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Agriculture Minister Gerry Ritz leaves a news conference after answering questions regarding the E. Coli outbreak last October.TODD KOROL/Reuters

Hundreds of scientists and other employees who support research at the federal Agriculture Department have been told that their jobs are being eliminated or could be cut as part of a transformation process mandated by the Harper government.

The layoff warnings follow similar reductions in the scientific staff at the Environment and Fisheries departments and come in the same week as the government said the National Research Council will shift its focus to business-driven research projects and away from basic science.

Not all of the 700 employees of Agriculture and Agrifood Canada who were told this week that their jobs are in jeopardy are scientists. Some are commerce officers. Others are information technology experts or engineers.

But large numbers are directly involved in agricultural research, and their unions say the cuts reflect the government's desire to distance itself from scientific endeavour.

Those affected "are research scientists and physical scientists. They were working on crops and the sustainability of crops," said Gary Corbett, the president of the Professional Institute of the Public Service of Canada, which represents half of the employees who received notices this week.

"Without science, you really can't produce the evidence to make good sound policy decisions and I am concerned for science in the federal Agriculture and Agrifood Canada which, like Fisheries and Oceans, is a science-based department," Mr. Corbett said. "The government can't really perform well if it doesn't have people inside who know what science is about."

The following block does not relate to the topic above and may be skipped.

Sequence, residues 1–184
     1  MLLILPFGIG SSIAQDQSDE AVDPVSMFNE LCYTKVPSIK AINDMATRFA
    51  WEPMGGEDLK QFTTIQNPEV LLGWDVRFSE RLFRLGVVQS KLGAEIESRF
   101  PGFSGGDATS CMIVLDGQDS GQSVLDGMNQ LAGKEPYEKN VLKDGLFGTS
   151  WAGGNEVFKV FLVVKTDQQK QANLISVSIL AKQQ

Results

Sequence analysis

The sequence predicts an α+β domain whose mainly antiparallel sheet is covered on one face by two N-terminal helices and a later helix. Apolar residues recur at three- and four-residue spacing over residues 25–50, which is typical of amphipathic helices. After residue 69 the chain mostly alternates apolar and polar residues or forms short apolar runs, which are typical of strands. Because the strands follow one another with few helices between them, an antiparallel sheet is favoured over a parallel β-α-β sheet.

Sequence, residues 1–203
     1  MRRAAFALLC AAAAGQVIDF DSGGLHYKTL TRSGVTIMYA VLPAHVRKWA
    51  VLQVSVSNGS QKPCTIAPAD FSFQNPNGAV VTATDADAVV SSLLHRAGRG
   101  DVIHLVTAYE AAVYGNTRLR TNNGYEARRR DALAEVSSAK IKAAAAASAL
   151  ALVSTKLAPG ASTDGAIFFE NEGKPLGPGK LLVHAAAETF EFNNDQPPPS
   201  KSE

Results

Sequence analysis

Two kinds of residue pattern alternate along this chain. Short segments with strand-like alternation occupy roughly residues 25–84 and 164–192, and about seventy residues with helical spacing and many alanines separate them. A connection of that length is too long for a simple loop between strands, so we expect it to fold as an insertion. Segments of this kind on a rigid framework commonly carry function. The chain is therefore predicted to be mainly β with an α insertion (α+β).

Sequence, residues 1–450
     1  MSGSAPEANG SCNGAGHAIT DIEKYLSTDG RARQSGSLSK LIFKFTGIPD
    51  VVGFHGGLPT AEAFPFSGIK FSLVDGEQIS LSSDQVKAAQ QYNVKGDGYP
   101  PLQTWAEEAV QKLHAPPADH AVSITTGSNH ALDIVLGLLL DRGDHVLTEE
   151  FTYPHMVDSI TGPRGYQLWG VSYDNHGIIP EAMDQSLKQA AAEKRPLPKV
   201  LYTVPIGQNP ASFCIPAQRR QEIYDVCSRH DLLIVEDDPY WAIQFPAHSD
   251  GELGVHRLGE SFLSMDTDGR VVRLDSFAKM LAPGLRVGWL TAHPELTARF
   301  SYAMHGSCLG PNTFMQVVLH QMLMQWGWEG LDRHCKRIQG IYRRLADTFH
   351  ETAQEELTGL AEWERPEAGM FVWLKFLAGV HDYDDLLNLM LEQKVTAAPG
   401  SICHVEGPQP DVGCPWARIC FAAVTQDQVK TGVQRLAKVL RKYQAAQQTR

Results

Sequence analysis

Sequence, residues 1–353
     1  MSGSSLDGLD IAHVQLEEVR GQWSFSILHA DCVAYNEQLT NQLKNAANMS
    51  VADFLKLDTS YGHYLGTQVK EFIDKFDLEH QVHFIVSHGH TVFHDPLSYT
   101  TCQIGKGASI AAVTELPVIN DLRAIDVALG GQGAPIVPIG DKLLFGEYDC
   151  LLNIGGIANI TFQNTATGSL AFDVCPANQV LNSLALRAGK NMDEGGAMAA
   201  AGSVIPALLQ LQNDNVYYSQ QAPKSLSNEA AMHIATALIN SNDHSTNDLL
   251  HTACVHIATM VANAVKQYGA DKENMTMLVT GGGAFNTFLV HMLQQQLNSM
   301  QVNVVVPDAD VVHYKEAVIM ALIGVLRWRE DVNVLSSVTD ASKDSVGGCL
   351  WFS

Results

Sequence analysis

The government has announced its intention to cut 19,200 positions from its work force. That would amount to a reduction of about 7 per cent in the federal civil service.

The PIPSC says 11 per cent of the 16,897 scientists it represents have received layoff notices, which suggests scientists have been disproportionately targeted as the government finds ways to reduce costs.

Patrick Girard, a spokesman for the AAFC, said in an e-mail on Friday that only a small portion of the changes being made within the Agriculture Department involve scientists and the government remains committed to science and innovation.

"By consolidating some research activities and reducing some physical assets, we can concentrate our resources on the priority areas that will deliver real results for farmers, the industry and Canadians," Mr. Girard said. "We will maintain our network of world-class research centres and the skills and specialties needed to support what we and industry have identified as priorities."

But the unions say the government's actions suggest a lack of understanding about the importance of the work done by its scientists.

"By all evidence seen today, they have no appreciation for science that builds the base of knowledge that other people work from," said Bob Kingston, the national president of the Agriculture Union which represents 250 of the federal employees who received notices.

Among the researchers affected are those who were part of a team in Kamloops, B.C., that provided technical assistance as well as trees and shrubs to create shelter belts that prevent erosion. That team is now gone, Mr. Kingston said.

By laying off the scientists in the Agriculture Department, the government is losing the leading edge in research, he said. These are the people who do the science that is the basic building block for technological development, Mr. Kingston said. "Worldwide, they were renowned for that basic body of information they had upon which other things could be built."